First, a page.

In my own opinion, Route B offers the best all-round solution for Dublin City Centre. It means that the critical stretch of Nassau St & College Green can continue to serve bus-travellers – the interaction occurs on St Stephens Green North, where part of the over-generous footpath could be sacrificed to facilitate all transport modes. Route B acts almost as a mini-inner-orbital, connecting three or four major radial transport routes (Buses 7, 10/46A, Dart, and the Luas itself) and also opens up a part of the city centre currently less accessible by public transport. In the longer run, it may have spin-off benefits of improving the Westland-Row, Pearse St. area, rather than adding another unwanted layer to the congestion around College Green. That this route also meets with aesthetic approval is merely an added bonus.
On reading through the posts on this thread, I’m getting a very negative impression of cycling in Dublin… which I find very hard to agree with. Over the last three years, I have clocked up a few thousand miles in and around the suburbs and city of Dublin. My various routes over that time include many of the cycle lanes that come in for such criticism in this thread, as well as numerous roads with no lanes at all. I have seen all of the dangers posed by inconsiderate motorists & jaywalking pedestrians, and have, for my part, broken the odd red light too.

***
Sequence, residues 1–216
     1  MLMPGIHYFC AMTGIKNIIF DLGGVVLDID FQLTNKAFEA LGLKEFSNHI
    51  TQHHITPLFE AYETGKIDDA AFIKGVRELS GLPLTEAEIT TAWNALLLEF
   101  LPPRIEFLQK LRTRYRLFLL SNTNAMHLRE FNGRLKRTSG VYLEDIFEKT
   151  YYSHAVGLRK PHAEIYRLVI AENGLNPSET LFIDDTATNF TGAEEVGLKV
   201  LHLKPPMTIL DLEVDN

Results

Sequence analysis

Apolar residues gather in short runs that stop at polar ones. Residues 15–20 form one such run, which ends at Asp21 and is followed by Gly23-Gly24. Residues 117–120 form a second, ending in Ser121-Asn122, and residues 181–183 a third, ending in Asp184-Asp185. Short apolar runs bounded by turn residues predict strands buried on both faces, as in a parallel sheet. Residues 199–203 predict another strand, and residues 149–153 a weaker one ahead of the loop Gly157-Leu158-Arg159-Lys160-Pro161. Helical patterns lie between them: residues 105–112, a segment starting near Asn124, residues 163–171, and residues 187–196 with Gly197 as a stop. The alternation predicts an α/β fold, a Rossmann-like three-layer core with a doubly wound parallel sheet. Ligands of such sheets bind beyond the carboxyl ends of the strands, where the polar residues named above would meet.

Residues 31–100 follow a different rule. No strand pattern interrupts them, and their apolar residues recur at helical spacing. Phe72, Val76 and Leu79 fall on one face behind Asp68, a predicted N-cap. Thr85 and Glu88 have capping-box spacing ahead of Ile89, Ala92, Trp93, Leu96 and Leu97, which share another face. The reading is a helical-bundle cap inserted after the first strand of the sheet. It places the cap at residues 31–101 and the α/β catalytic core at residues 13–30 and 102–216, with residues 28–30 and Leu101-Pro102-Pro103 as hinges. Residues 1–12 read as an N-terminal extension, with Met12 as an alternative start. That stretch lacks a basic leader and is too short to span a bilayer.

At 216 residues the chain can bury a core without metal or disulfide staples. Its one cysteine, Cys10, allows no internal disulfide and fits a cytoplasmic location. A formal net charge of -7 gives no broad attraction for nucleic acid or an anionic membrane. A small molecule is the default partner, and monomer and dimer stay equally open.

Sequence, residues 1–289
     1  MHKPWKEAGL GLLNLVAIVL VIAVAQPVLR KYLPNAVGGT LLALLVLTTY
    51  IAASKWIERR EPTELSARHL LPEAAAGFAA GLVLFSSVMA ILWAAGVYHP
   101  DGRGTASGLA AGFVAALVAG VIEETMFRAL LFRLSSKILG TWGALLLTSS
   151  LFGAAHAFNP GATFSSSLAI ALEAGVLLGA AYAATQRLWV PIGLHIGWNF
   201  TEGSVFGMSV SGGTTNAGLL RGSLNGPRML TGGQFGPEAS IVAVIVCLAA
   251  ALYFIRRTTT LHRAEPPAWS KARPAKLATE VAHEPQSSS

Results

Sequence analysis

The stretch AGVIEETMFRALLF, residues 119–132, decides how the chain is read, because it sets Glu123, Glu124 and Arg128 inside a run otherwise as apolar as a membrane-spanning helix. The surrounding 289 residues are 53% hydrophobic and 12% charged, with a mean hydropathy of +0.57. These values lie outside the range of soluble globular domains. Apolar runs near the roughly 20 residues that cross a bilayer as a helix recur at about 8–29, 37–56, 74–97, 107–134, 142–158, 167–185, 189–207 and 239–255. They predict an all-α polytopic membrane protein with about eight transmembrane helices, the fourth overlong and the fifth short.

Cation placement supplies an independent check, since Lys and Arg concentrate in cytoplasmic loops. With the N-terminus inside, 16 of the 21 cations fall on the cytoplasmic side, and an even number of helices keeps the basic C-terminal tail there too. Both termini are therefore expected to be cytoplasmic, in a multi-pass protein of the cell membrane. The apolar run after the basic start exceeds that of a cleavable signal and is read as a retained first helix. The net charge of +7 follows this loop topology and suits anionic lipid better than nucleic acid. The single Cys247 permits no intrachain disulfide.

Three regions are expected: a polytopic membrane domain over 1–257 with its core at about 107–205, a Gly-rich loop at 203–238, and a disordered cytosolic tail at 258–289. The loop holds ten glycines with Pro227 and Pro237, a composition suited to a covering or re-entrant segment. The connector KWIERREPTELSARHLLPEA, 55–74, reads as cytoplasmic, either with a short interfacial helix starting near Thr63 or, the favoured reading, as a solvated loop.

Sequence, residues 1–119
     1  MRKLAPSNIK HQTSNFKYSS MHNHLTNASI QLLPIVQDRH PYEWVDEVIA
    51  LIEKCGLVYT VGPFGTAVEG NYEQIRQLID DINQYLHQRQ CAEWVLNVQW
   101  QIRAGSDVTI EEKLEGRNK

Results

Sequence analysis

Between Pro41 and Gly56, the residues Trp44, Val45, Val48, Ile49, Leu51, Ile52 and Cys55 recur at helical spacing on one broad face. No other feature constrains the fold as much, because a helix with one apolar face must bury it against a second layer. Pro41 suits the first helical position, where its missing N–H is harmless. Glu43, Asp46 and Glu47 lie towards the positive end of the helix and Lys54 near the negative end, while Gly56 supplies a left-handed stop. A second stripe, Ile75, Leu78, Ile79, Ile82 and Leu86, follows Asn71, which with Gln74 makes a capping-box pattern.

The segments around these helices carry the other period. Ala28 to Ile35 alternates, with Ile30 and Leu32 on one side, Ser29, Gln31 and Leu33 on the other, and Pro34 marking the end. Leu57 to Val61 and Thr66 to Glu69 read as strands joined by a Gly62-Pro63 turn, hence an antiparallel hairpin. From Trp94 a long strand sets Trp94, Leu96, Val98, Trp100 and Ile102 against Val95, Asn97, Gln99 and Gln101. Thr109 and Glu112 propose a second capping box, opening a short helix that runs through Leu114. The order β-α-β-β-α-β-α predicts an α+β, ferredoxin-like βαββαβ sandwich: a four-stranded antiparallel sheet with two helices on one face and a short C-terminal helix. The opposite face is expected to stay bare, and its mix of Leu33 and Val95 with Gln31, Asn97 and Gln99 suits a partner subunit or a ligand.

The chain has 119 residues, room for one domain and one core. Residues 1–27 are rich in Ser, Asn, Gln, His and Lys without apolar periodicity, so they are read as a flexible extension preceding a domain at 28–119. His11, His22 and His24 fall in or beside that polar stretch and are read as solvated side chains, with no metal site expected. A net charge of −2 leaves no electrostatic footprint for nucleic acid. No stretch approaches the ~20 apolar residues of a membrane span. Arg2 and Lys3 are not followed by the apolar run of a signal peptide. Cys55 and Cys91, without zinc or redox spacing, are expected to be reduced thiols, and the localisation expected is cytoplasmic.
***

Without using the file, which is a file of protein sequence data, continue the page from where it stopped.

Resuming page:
Once you accept the risks to life and limb inherent in the activity, cycling remains the one and only way to get around the city of Dublin. It is the only transport mode that offers guaranteed journey times, at any time of day or night, unaffected by any external influence. While admitting that cycle-lane provision in Dublin is far from perfect, I feel that many of the posts on this thread over-state the negatives and, dare I say it, 😮 seem to be induced by the ‘siege-mentality’ of many cyclists.
Until this summer, I would probably have been as vocal as anyone in condemnding the under-provision of cycle facilities in Dublin city. However, I relocated to the Capital of Culture some months ago, via a brief stint in a provincial town. Cycling in these environments has made me see just how easy and accommodating Dublin city is to cyclists. Motorists anywhere outside Dublin actually don’t seem to know what a cyclist is, and certainly don’t expect to see one sharing their roadspace. In my time in Cork, I have yet to encounter a single dedicated cycle-lane. And if ye thought ye had potholes in Dublin, just wait til ye see the craters in Cork boy! And, for all that, I still wouldn’t be parted from my beloved bicycle!
In a nutshell – be grateful for what you have in Dublin, for the story outside the Pale is a lot less rosy!